water

KNAU and Arizona News
5:00 am
Mon August 3, 2015

Verde Valley Farmers Give Back To Precious Desert River

The Verde River near Clarkdale

Farmers in central Arizona are working together to protect a precious resource that flows through their land. The Verde River supplies every drop of water they use for irrigation, and everything else in their lives. As the drought swallows up lakes and rivers across the West, Verde Valley farmers are embracing new and old technology to ensure their water supply doesn’t dry up. Arizona Public Radio’s Aaron Granillo reports.

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Earth Notes
5:00 am
Wed July 29, 2015

Earth Notes: Protecting Water Rights at Arches National Park

Arches National Park
Credit Courtesy

After more than 15 years of negotiations, the state of Utah and the National Park Service signed a water rights agreement this spring for Arches National Park.

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KNAU and Arizona News
5:00 am
Thu July 2, 2015

Geology Complicates Search for Groundwater in Williams

The view from the Sweetwater drilling platform, looking toward Interstate 40 and the City of Williams.
Credit Melissa Sevigny

The City of Williams west of Flagstaff is in the process of drilling a new well. Like many places in the Southwest, it’s facing drought and rising demand. But there’s another reason water supply is a challenge in Williams.  A fluke of geology has forced the city to take the lead in the hunt for groundwater on the Colorado Plateau.    

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KNAU and Arizona News
7:46 am
Mon June 15, 2015

Federal Water Managers To Release Water Level Projections At Lake Mead

Lake Mead from the Hoover Dam

Federal water managers are due to release a monthly projection of water levels at Lake Mead on Monday, and the rain in May might change what they say.

Last month, the U.S. Bureau of Reclamation reported that the Colorado River reservoir behind Hoover Dam could reach a low point in January 2017 that would force supply cuts to Arizona and Nevada.

Officials heading water agencies in the two states and California took a wait-and-see approach, and pointed to fluctuations in regional precipitation since January.

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KNAU and Arizona News
8:45 am
Wed March 11, 2015

AZ Senators Oppose Grand Canyon Watershed National Monument Proposal

Republican Senators John McCai (pictured) and Jeff Flake have written a letter to Pres. Obama opposing possible executive action that could designate nearly 2 million acres as the Grand Canyon Watershed National Monument.
Credit AP

Both of Arizona’s U.S. senators sent a letter yesterday to President Obama opposing the possible designation of the Grand Canyon Watershed National Monument. As Arizona Public Radio’s Ryan Heinsius reports, they say such an action would represent a large federal overreach. 

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KNAU and Arizona News
12:49 pm
Thu March 5, 2015

Winter Storms Dramatically Increase Flagstaff’s Water Supply

Lake Mary in warmer months. The reservoir is one of Flagstaff's main water sources and is now more than half full after the recent winter storms.
Credit U.S. Forest Service

After the recent snowstorms, water levels have nearly doubled in Lake Mary, one of Flagstaff’s primary water sources. As Arizona Public Radio’s Ryan Heinsius reports, the reservoir is now nearly 60 percent full.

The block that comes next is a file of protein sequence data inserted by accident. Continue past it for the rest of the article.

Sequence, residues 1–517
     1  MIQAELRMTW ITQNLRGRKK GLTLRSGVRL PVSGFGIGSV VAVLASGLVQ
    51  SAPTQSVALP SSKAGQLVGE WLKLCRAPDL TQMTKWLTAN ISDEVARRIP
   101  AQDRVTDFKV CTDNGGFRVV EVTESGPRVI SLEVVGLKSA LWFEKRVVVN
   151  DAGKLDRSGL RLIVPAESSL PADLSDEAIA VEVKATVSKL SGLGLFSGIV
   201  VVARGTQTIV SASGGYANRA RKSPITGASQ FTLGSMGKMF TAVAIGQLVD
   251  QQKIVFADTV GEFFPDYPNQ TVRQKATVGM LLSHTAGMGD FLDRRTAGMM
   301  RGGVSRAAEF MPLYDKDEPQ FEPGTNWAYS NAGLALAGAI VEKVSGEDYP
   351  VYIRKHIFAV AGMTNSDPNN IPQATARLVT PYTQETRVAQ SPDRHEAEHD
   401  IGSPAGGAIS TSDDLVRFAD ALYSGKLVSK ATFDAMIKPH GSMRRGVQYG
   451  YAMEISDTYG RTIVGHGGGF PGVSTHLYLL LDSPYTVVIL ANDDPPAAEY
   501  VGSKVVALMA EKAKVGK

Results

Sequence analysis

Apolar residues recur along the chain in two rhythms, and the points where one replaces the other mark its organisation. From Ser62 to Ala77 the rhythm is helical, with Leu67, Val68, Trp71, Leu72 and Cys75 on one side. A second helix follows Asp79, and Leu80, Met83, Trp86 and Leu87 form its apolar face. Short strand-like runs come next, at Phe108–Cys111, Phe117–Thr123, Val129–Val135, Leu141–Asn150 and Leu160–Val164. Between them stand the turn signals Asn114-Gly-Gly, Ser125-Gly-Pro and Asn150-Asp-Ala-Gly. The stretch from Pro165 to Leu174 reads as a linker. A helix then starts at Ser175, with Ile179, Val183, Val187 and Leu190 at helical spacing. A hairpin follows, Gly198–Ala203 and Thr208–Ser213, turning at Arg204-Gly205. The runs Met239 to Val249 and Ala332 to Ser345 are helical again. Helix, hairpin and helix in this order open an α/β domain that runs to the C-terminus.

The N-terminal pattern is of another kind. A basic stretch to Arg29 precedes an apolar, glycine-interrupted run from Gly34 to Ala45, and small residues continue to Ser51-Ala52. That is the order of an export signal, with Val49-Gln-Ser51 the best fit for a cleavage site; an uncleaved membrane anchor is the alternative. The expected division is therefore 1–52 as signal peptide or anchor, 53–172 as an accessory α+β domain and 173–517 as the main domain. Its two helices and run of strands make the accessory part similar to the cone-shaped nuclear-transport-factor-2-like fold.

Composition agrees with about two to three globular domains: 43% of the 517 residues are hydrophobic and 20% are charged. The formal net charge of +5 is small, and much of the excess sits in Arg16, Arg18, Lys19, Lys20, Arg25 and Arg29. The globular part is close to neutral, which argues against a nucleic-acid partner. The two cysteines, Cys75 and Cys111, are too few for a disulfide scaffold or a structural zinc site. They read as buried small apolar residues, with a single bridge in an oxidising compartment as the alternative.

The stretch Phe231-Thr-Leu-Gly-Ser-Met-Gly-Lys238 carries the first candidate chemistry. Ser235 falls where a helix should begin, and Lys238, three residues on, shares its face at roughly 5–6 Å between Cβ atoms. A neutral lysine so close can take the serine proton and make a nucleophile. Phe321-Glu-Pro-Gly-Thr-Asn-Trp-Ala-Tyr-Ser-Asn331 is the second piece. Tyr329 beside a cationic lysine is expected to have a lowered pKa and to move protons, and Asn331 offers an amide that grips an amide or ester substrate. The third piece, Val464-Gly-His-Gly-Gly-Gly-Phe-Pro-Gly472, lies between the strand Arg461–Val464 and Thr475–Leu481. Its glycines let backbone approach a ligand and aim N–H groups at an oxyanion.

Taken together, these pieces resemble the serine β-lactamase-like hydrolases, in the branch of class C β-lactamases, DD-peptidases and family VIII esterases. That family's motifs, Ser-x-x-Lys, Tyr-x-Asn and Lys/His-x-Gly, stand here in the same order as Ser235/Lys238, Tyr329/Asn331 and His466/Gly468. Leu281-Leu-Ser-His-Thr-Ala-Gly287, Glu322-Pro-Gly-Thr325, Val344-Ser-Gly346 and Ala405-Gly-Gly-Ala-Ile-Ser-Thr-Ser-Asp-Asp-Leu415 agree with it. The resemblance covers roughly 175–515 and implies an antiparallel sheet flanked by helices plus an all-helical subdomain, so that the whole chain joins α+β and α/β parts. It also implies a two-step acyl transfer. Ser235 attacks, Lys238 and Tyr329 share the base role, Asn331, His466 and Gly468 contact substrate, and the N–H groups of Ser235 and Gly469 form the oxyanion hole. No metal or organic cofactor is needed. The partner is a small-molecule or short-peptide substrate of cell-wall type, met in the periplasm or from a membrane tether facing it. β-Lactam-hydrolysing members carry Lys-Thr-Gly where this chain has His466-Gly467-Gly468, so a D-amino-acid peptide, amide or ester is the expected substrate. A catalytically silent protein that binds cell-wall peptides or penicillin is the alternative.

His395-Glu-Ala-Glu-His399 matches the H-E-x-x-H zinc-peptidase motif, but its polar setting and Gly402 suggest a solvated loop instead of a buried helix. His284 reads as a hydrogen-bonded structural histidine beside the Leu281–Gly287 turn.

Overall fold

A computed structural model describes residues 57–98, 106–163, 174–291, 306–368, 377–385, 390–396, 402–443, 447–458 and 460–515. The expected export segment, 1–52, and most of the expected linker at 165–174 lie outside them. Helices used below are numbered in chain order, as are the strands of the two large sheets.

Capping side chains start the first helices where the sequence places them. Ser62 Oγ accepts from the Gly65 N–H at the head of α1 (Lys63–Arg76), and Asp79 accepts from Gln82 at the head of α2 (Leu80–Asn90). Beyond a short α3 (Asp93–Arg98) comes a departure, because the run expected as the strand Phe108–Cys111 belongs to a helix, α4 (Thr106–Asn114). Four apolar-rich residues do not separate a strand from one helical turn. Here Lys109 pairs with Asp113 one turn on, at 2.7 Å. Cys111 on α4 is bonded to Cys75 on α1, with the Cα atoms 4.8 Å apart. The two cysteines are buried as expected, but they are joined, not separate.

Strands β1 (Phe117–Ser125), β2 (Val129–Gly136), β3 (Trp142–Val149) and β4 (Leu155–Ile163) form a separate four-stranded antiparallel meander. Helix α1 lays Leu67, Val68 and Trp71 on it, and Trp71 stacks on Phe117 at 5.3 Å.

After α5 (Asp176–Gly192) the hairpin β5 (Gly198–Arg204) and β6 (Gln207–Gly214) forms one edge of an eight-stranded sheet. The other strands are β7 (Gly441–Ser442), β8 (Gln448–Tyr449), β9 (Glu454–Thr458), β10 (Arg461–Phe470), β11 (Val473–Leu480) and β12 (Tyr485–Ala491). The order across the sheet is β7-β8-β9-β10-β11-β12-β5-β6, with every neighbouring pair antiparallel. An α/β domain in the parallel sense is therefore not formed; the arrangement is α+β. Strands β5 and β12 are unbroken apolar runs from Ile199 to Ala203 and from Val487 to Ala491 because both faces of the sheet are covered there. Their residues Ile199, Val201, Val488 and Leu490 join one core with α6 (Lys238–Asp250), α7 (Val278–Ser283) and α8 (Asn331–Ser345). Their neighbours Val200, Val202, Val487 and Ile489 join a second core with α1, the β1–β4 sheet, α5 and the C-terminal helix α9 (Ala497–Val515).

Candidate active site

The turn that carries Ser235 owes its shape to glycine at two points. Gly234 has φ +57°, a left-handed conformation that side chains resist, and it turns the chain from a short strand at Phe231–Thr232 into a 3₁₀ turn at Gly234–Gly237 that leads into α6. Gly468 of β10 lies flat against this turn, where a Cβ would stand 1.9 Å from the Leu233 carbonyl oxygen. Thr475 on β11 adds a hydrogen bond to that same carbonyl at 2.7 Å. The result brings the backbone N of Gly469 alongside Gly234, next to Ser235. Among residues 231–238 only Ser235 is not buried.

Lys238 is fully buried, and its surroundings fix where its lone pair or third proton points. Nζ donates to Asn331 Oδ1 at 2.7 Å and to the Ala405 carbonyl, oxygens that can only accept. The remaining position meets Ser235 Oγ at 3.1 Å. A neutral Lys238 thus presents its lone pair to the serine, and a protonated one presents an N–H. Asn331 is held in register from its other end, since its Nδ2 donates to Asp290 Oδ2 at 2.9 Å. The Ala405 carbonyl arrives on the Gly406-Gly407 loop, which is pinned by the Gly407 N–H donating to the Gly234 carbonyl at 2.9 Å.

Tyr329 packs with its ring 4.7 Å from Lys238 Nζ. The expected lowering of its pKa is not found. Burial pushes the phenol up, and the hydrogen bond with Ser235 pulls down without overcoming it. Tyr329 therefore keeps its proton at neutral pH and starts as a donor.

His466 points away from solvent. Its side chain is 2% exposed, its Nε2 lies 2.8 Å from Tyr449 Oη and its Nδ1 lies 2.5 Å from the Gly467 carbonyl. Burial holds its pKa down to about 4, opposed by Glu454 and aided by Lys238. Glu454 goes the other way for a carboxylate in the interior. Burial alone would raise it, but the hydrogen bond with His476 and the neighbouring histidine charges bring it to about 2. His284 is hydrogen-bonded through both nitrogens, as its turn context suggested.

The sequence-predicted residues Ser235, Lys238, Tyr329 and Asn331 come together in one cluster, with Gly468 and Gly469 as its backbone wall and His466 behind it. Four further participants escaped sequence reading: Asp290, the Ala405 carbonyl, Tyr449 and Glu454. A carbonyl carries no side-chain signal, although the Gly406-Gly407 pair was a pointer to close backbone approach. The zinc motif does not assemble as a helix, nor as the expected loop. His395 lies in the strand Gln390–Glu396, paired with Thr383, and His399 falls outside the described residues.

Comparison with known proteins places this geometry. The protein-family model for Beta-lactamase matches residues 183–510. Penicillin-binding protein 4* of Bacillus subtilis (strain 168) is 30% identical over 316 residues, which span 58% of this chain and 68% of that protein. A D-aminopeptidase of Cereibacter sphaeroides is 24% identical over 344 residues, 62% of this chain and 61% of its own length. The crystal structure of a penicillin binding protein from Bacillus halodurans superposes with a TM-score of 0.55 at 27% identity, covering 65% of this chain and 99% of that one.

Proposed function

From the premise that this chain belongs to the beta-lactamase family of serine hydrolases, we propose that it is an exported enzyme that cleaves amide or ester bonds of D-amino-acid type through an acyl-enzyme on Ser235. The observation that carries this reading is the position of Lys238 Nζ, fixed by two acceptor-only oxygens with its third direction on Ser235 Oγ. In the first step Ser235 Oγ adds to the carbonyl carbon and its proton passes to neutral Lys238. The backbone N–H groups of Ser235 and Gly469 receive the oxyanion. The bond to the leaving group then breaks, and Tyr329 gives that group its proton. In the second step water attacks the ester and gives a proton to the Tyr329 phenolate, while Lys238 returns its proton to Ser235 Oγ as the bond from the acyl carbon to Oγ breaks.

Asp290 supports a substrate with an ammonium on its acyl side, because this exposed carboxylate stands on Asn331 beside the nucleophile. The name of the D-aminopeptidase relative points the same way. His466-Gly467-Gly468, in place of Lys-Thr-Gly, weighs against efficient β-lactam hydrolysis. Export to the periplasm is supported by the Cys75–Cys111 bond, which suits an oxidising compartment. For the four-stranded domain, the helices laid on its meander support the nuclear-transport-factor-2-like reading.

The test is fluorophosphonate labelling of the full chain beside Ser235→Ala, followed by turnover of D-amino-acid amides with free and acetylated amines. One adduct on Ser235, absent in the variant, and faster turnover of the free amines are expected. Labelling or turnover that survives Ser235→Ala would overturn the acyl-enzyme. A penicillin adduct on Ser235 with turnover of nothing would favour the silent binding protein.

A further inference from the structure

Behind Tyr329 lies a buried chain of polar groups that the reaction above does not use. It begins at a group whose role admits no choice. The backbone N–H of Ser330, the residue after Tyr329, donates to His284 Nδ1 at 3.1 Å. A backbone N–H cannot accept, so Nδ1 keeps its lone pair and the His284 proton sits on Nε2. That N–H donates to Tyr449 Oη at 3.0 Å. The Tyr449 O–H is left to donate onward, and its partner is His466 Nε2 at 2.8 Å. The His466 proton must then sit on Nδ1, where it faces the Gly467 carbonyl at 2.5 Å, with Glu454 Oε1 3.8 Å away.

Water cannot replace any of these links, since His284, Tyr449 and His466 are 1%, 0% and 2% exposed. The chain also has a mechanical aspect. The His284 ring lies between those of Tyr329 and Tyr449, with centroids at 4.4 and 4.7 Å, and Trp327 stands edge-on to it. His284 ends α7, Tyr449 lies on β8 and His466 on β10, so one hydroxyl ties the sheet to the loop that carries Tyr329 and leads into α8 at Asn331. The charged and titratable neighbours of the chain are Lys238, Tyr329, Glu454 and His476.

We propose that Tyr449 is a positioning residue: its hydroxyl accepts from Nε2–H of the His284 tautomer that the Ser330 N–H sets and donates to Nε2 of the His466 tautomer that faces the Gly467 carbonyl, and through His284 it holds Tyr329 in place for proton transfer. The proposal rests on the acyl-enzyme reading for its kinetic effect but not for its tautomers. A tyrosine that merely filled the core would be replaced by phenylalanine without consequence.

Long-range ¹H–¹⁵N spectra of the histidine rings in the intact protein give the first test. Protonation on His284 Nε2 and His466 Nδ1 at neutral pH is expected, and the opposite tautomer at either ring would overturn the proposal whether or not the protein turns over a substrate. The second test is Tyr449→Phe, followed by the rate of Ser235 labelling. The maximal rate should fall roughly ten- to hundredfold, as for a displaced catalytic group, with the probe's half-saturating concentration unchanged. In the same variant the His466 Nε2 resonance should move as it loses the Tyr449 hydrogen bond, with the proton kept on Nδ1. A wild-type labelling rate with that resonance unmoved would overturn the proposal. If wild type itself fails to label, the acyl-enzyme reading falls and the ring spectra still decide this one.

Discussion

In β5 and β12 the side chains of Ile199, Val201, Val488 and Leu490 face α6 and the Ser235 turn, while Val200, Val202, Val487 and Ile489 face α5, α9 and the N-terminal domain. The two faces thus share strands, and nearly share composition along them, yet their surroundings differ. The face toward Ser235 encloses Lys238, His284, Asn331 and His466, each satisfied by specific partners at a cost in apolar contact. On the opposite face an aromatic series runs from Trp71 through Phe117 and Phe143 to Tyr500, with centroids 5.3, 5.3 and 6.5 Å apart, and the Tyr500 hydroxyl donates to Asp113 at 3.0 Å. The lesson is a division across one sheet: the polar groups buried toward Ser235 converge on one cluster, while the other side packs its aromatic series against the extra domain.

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KNAU and Arizona News
3:07 pm
Thu January 29, 2015

Arizona Lawmakers Attempt to Halt EPA’s Waterways Rule

Credit USGS

The Environmental Protection Agency is considering an update to the federal Clean Water Act. But, as Arizona Public Radio’s Ryan Heinsius reports, an Arizona congressman is trying to prevent that change from going into effect.

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KNAU and Arizona News
5:00 am
Mon December 8, 2014

EPA’s Proposed Waterways Rule Draws Ire of Arizona’s Senators

The Environmental Protection Agency is revising the Clean Water Act to clarify which waters are protected. As Arizona Public Radio’s Ryan Heinsius reports, both of Arizona’s U.S. senators see the agency’s move as an expansion of federal environmental regulation that could harm the state’s economy.

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Fronteras
8:40 am
Mon March 3, 2014

Pipe Dreams Part 3: Indirectly Exporting U.S. Water Overseas

David Sharp and his brother grow 2,400 acres of alfalfa, wheat and cotton. He says alfalfa is a good rotation crop because it puts nitrogen back in the soil. There's also a big market for it in the U.S. and overseas.
Credit Photo by Laurel Morales

Federal officials are cutting off water to some California farms stuck in the worst drought on record. At the same time Arizona farmers are irrigating their fields with the diminishing Colorado River. They’re using the water to grow most of the country’s winter vegetables, and even shipping some crops to China. In the final part of the series Pipe Dreams, a look at the controversy of indirectly exporting water overseas.

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Fronteras
10:49 am
Mon February 24, 2014

Pipe Dreams Part 2: The Future of Recycled Drinking Water

The treated water is disinfected under ultra-violet light bulbs in the final phase of reclamation.
Credit Laurel Morales

Most people are squeamish about the notion of consuming recycled wastewater. But experts say we might have to get used to the idea, given our current drought and the growing population in the Southwest. How does that water get clean enough to drink?

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